In the decades
before the Civil War, enslaved African Americans created diverse
forms of music, including work songs, field hollers, and spirituals,
that would leave a powerful imprint on later forms of American
music: on gospel, ragtime, jazz, rhythm and blues, rock and roll,
One of the
most significant musical forms was the spiritual. During the late
18th and early 19th century, many African Americans converted
to Christianity, but they reshaped the religion to meet their
distinctive needs and blended it with traditions carried from
stories from the Old and New Testament, the spirituals dealt with
religious themes-faith, freedom, hope and salvation. They expressed
sorrow over life in bondage, but also hope in a better life. Frederick
Douglass, the fugitive slave who would become one of this country's
leading abolitionists, described the significance of the spirituals
with these words:
sing words which to many would seem unmeaning jargon, but which
nevertheless, were full of meaning to themselves. I have sometimes
thought that the mere hearing of those songs would do more to
impress some minds with the horrible character of slavery than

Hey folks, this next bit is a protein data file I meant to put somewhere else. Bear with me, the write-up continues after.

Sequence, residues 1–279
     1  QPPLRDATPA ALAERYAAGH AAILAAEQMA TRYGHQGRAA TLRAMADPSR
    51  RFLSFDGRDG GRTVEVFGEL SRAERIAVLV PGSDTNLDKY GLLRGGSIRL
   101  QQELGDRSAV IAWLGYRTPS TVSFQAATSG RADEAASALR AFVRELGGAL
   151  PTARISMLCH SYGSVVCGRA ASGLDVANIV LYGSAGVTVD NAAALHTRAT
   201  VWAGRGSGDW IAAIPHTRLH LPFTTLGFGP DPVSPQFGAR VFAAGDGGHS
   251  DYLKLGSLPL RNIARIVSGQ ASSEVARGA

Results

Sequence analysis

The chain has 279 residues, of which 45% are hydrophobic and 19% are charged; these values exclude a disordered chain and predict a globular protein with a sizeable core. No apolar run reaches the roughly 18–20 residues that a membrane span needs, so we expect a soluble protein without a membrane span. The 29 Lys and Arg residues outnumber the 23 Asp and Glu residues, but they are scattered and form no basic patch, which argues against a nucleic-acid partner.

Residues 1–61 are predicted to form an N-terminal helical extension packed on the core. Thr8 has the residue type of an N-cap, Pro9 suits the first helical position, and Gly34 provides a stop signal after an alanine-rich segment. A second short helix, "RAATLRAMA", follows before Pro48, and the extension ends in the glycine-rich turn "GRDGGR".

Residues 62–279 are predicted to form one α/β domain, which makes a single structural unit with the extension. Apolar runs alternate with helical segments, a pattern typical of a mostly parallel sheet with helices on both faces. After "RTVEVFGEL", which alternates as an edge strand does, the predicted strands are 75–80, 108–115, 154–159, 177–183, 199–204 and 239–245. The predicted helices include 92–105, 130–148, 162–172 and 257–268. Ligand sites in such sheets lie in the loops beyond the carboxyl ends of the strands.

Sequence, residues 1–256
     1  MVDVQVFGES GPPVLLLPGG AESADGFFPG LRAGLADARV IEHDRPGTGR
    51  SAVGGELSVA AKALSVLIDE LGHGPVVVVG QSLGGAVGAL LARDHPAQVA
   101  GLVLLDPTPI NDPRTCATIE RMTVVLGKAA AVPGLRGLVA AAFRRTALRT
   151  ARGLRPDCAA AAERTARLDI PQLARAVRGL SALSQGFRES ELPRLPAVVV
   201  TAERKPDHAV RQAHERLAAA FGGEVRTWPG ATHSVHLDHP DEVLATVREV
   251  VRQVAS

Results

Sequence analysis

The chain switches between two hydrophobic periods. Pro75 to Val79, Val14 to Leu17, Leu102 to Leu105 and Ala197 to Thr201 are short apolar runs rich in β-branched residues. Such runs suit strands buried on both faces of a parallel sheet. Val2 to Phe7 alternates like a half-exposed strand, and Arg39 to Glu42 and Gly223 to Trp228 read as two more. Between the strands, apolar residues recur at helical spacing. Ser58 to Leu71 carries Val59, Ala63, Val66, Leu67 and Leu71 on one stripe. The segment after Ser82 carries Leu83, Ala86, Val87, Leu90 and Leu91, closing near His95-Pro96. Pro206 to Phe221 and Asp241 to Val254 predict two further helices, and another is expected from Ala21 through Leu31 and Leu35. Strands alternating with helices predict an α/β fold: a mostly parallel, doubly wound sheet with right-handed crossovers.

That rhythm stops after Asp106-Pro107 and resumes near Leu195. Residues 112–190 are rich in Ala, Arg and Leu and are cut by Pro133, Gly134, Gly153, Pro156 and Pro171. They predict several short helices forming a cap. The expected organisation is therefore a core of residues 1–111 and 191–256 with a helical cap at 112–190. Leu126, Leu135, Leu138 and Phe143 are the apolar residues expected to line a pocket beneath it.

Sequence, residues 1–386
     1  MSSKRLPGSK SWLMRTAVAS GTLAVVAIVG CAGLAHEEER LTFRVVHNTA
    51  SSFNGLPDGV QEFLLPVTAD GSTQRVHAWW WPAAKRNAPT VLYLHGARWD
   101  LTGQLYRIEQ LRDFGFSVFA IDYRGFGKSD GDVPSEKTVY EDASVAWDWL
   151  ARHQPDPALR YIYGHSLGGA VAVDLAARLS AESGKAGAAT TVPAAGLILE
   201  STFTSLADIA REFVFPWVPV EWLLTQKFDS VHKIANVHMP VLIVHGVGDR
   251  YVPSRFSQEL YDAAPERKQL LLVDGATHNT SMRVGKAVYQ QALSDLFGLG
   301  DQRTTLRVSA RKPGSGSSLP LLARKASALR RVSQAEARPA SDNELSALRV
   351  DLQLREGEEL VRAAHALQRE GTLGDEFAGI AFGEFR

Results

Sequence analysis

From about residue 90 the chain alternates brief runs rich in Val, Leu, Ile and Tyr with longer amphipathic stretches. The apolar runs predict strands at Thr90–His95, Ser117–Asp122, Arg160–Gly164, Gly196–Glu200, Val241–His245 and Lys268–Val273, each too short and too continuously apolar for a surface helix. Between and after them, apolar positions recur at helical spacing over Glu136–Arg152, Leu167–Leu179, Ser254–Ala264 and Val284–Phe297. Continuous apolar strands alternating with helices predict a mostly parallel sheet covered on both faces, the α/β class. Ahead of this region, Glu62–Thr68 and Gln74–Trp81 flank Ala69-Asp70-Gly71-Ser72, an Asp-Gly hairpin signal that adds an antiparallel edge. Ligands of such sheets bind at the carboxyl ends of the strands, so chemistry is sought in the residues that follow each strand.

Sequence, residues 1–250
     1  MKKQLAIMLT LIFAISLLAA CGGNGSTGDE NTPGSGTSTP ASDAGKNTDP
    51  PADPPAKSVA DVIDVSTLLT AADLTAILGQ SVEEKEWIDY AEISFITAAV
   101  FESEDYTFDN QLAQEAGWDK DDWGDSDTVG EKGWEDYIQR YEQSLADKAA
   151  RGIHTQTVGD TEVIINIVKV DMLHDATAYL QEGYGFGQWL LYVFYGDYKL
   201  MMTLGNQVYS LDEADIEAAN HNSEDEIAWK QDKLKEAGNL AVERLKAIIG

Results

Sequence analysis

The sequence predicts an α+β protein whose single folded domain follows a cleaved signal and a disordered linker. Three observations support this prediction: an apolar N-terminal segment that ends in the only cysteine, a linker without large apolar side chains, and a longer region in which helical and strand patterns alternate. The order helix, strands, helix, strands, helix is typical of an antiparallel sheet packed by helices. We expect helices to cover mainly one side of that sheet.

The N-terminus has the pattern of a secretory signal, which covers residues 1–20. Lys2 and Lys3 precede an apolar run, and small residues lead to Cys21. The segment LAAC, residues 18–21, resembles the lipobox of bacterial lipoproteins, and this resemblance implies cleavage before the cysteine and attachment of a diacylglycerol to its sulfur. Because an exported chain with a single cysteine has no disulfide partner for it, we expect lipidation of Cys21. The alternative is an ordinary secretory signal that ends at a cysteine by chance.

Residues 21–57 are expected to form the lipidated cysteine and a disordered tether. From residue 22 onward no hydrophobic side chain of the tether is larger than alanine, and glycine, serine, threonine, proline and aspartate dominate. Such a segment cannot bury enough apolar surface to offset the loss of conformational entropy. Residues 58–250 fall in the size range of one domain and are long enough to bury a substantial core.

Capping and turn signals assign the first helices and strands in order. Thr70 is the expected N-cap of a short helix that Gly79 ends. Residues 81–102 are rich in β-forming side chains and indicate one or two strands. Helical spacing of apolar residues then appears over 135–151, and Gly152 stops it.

the reading of whole volumes of philosophy. I did not, when a
slave, understand the deep meaning of those songs. They told a
tale of woe which was then altogether beyond my feeble comprehension;
they were tones loud, long, and deep; they breathed the prayer
and complaint of souls boiling over with the bitterest anguish.
Every tone was a testimony against slavery and a prayer to God
for deliverance from chains...Slaves sing most when they are most
unhappy. The songs of the slave represent the sorrows of his heart;
and he is relieved by them, only as an aching heart is relieved
by its tears.
also contained hidden transcripts. In coded language, they offered
practical advice about escaping from slavery.
did Frederick Douglass mean when he wrote the following words
about the spirituals?
have often been utterly astonished, since I came to the north,
to find persons who could speak of the singing, among slaves,
as evidence of their contentment and happiness. It is impossible
to conceive of a greater mistake. Slaves sing most when they
are most unhappy. The songs of the slave represent the sorrows
of his heart; and he is relieved by them, only as an aching
heart is relieved by its tears. At least, such is my experience.
I have often sung to drown my sorrow, but seldom to express
my happiness. Crying for joy, and singing for joy, were alike
uncommon to me while in the jaws of slavery. The singing of
a man cast away upon a desolate island might be as appropriately
considered as evidence of contentment and happiness, as the
singing of a slave; the songs of the one and of the other are
prompted by the same emotion.